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G.R. No.

183822, January 18, 2012

RUBEN C. CORPUZ, REPRESENTED BY ATTORNEY-IN- FACT

WENIFREDA C. AGULLANA, PETITIONER, VS. SPS. HILARION

AGUSTIN AND JUSTA AGUSTIN, RESPONDENTS.

Facts:

Ruben C. Corpuz (Ruben) filed a complaint for ejectment against Spouses


Hilarion and Justa Agustin on the allegation that he is the registered owner
of two parcels of land located in Santa Joaquina, Laoag City covered by TCT
No. 12980 issued on October 29, 1976 by the Laoag City Register of Deeds.

Aforesaid parcels of land were formerly owned by Elias Duldulao in whose


name Original Certificate of Title No. O-1717 was issued. Duldulao sold said
properties on August 27, 1951 to Francisco D. Corpuz, father of Ruben C.
Corpuz. The elder Corpuz allowed spouses Agustin to occupy subject
properties, the latter being relatives.

Despite demand to vacate, the Agustins refused to leave the premises.

Ruben alleged further that he has the better right to possess subject
property having acquired the same from his father, Francisco, who executed
a Deed of Quitclaim in his favor on March 15, 1971.

Spouses Agustin, in their Answer, interposed the defense that on June 5,


1971 Francisco Corpuz, Ruben's father, disposed of subject property by
executing a Deed of Absolute Sale in their favor for a consideration of
Eleven Thousand One Hundred Fifty Pesos (P11,150.00).
The Municipal Trial Court found for the spouses Agustin and dismissed the
complaint.

On appeal, Branch XVI, Regional Trial Court of Laoag City affirmed said
dismissal.

Petitioner assailed the Decision of the RTC, affirming the earlier dismissal of
the case by the MTC, by instituting an appeal with the CA. On 08 January
2008, the appellate court through its Fourteenth Division dismissed his
appeal. It noted that his father engaged in a double sale when he conveyed
the disputed properties to petitioner and respondents. The Quitclaim
executed by the elder Corpuz in favor of petitioner was dated 15 March
1971, while the Deed of Sale with respondents was later, on 15 June 1971;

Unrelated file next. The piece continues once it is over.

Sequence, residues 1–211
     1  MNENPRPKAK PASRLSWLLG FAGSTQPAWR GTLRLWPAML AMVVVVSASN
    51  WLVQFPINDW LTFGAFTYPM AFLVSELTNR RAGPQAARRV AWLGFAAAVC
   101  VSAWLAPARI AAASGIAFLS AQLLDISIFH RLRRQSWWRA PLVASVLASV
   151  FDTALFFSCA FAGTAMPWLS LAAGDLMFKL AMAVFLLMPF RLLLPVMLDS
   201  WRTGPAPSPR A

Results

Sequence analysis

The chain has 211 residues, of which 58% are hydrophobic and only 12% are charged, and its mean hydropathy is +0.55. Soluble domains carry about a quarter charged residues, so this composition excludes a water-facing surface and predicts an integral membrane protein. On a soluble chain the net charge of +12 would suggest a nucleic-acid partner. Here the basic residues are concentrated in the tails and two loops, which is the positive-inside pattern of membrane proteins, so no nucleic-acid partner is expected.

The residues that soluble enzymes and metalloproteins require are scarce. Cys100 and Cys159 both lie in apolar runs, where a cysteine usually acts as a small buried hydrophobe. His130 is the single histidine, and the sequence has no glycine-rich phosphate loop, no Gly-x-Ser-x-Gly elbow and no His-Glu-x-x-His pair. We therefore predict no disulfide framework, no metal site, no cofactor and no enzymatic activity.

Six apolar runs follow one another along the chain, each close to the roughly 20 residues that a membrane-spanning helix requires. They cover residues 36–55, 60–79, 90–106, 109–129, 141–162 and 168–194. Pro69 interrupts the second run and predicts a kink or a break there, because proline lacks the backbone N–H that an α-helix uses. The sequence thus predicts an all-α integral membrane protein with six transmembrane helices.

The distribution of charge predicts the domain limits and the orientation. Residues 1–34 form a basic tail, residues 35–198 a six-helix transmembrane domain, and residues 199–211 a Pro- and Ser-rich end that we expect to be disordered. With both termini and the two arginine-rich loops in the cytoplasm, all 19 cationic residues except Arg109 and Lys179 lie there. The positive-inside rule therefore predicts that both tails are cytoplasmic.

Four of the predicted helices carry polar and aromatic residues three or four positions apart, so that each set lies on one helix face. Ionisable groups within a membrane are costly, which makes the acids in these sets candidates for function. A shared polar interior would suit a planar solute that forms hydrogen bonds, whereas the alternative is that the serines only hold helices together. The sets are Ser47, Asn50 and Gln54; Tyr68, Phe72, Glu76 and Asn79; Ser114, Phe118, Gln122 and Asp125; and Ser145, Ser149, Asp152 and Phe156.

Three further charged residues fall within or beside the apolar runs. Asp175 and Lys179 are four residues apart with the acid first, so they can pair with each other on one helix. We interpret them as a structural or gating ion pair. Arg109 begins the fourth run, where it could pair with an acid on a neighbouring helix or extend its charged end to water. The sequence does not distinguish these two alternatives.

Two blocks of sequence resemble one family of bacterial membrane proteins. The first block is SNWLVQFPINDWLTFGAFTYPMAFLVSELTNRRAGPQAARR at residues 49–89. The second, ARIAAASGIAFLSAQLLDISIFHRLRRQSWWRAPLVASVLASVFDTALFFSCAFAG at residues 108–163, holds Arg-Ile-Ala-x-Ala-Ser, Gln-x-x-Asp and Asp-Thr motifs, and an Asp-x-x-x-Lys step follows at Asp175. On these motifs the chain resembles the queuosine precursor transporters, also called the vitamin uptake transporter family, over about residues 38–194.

both documents were notarized shortly after their execution. The Quitclaim,
which was subsequently inscribed at the back of Original Certificate of Title
(OCT) No. O-1717 on 29 October 1976, resulted in the issuance of Transfer
Certificate of Title (TCT) No. T-12980 in the name of petitioner. The Deed of
Sale executed with respondents was, however, not annotated at the back of
OCT No. O-1717 and remained unregistered.

Based on the above findings, the CA ruled that petitioner had knowledge of
the sale of the disputed real property executed between Francisco Corpuz,
petitioner's father, and respondents. Due to this conveyance by the elder
Corpuz to respondents, the latter's possession thereof was in the nature of
ownership. Thus, in the context of an unlawful detainer case instituted by
petitioner against respondents, the appellate court concluded that
respondents' possession of the property was not by mere tolerance of its
former owner - petitioner's father - but was in the exercise of ownership.

The CA noted that petitioner had knowledge of his father's sale of the
properties to respondents as early as 1973. However, despite knowledge of
the sale, petitioner failed to initiate any action to annul it and oust
respondents from the subject properties.

Issue:

Who between the parties has the right to possession of the disputed
properties -- petitioner, who is the registered owner under TCT No. T-12980;
or respondents, who have a notarized yet unregistered Deed of Absolute
Sale over the same properties?

Rulings:

One of the three kinds of action for the recovery of possession of real
property is "accion interdictal, or an ejectment proceeding ... which may be
either that for forcible entry (detentacion) or unlawful detainer (desahucio),
which is a summary action for the recovery of physical possession where the
dispossession has not lasted for more than one year, and should be brought
in the proper inferior court." In ejectment proceedings, the courts resolve
the basic question of who is entitled to physical possession of the premises,
possession referring to possession de facto, and not possession de jure.

Where the parties to an ejectment case raise the issue of ownership, the
courts may pass upon that issue to determine who between the parties has
the better right to possess the property. However, where the issue of
ownership is inseparably linked to that of possession, adjudication of the
ownership issue is not final and binding, but only for the purpose of
resolving the issue of possession. The adjudication of the issue of ownership
is only provisional, and not a bar to an action between the same parties
involving title to the property

Indeed, a title issued under the Torrens system is entitled to all the
attributes of property ownership, which necessarily includes possession.
Petitioner is correct that as a Torrens title holder over the subject
properties, he is the rightful owner and is entitled to possession thereof.
However, the lower courts and the appellate court consistently found that
possession of the disputed properties by respondents was in the nature of
ownership, and not by mere tolerance of the elder Corpuz. In fact, they have
been in continuous, open and notorious possession of the property for more
than 30 years up to this day.

However, we cannot lose sight of the fact that the present petitioner has
instituted an unlawful detainer case against respondents. It is an
established fact that for more than three decades, the latter have been in